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What Montessori Tells Us

Montessori education, developed by Dr. Maria Montessori in the early 20th century, is a unique educational approach that focuses on individualized learning and the holistic development of a child. At its core, Montessori education emphasizes the natural development of children, supporting their natural curiosity and inclination to learn. This method stands out for its distinctive classroom environment, which is carefully designed to encourage independence, freedom within limits, and a sense of order. The classrooms are equipped with specially designed, age-appropriate materials that promote hands-on learning and discovery.

In Montessori classrooms, children are grouped in mixed-age cohorts, typically spanning three years. This setup fosters a community-like atmosphere where children can learn from and support each other. Older children often mentor younger ones, reinforcing their understanding and fostering a sense of responsibility and community. The role of the teacher in a Montessori setting is more of a guide or facilitator rather than a traditional instructor. Teachers observe each child and provide individualized guidance that aligns with their developmental stage and interests. This personalized approach allows children to progress at their own pace, exploring subjects that captivate their interests and satisfy their innate desire for knowledge.

One of the key principles of Montessori education is its emphasis on "learning by doing." The curriculum is hands-on and experiential, encouraging children to engage with materials and activities that develop their sensory, motor, and cognitive skills. Practical life activities, such as dressing themselves, preparing snacks, or caring for plants, are integral to the curriculum. These activities not only teach practical skills but also instill a sense of independence and self-reliance. Academic subjects are approached in a way that interconnects with real-life experiences, making learning relevant and meaningful. For instance, mathematics is taught using tangible materials that children can manipulate, allowing them to internalize abstract concepts through concrete experiences.

Montessori education also places a strong emphasis on respect for the child. Children are given the freedom to choose their activities and work at their own pace, fostering a sense of autonomy and self-discipline. The classroom environment is calm, structured, and respectful, creating a safe space for children to explore and learn. This respect extends to the interactions between teachers and students, where each child’s thoughts and opinions are valued, promoting a culture of mutual respect and understanding.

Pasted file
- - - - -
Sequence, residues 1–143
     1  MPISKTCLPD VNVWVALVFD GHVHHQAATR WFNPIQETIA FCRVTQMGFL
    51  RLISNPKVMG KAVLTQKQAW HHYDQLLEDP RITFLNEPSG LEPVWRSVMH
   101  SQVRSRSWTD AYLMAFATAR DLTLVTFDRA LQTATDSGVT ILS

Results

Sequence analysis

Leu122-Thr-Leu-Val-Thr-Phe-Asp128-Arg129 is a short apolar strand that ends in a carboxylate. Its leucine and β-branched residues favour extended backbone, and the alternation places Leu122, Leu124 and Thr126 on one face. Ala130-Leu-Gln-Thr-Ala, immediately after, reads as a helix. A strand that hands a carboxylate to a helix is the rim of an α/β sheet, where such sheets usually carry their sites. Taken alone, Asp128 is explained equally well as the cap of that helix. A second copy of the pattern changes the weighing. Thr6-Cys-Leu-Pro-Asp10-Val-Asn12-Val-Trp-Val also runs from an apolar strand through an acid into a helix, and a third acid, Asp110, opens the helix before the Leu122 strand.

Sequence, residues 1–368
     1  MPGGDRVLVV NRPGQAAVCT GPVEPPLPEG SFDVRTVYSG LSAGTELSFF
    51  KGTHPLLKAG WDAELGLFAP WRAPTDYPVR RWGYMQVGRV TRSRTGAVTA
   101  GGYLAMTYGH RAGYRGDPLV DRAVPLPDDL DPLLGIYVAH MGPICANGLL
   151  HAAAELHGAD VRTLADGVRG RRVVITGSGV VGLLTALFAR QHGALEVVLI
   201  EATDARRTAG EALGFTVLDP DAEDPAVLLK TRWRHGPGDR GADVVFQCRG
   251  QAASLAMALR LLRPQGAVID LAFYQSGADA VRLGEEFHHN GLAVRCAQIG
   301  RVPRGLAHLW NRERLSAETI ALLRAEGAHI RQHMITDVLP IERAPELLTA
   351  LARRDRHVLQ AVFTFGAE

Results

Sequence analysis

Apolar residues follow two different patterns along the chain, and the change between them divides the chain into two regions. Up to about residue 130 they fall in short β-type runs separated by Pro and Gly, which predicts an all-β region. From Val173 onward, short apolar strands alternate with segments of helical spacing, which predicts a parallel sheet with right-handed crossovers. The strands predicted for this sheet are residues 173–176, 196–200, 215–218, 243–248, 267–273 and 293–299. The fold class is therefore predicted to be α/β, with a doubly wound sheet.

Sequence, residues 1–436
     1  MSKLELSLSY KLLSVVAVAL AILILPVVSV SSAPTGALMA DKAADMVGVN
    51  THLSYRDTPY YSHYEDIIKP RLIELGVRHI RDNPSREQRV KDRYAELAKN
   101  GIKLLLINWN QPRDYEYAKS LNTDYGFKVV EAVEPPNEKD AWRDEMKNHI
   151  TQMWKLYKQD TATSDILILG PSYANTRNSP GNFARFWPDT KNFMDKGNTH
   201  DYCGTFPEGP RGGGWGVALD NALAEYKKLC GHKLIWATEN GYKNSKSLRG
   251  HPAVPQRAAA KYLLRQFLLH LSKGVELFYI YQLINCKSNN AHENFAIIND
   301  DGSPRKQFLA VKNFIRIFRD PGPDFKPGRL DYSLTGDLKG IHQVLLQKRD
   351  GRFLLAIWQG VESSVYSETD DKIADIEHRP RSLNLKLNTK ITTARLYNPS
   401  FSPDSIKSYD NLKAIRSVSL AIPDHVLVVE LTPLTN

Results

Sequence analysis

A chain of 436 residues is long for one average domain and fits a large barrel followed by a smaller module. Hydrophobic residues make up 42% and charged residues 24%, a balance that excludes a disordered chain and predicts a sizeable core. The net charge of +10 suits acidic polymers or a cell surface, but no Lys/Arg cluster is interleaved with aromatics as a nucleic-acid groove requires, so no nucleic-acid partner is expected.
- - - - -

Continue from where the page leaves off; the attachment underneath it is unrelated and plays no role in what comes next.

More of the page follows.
The impact of Montessori education extends beyond academic achievement. It nurtures the development of the child as a whole – social, emotional, physical, and cognitive. Montessori students often exhibit high levels of independence, problem-solving skills, and social maturity. They are known to develop a love for learning, a strong sense of self, and the ability to think critically and work collaboratively. These qualities not only contribute to their success in school but also prepare them for the challenges and opportunities of the real world.

In conclusion, Montessori education offers a child-centered approach that is distinct in its methods and philosophy. Its focus on individualized learning, hands-on experiences, and a respectful, nurturing environment aligns closely with the natural developmental needs of children. By fostering independence, curiosity, and a deep love for learning, Montessori education equips children with the skills and attributes necessary for success in all areas of life. As education continues to evolve, the Montessori approach remains relevant and influential, inspiring a holistic and meaningful approach to educating future generations.


✦Lillard, A., & Else-Quest, N. (2006). The early years. Evaluating Montessori education. Science (New York, N.Y.), 313(5795), 1893–1894. 

✦Marshall C. (2017). Montessori education: a review of the evidence base. NPJ science of learning, 2, 11.

✦Montessori, M. (1995). The absorbent mind. New York, Henry Holt.

✦Montessori, Maria. (1973). From childhood to adolescence: including "Erdkinder" and the “functions of the university”. First published 1948 in German. The following editions are currently in print: 1996, Oxford, England: Clio Press (Trans. A.M. Joosten); Madras, India: Kalakshetra.


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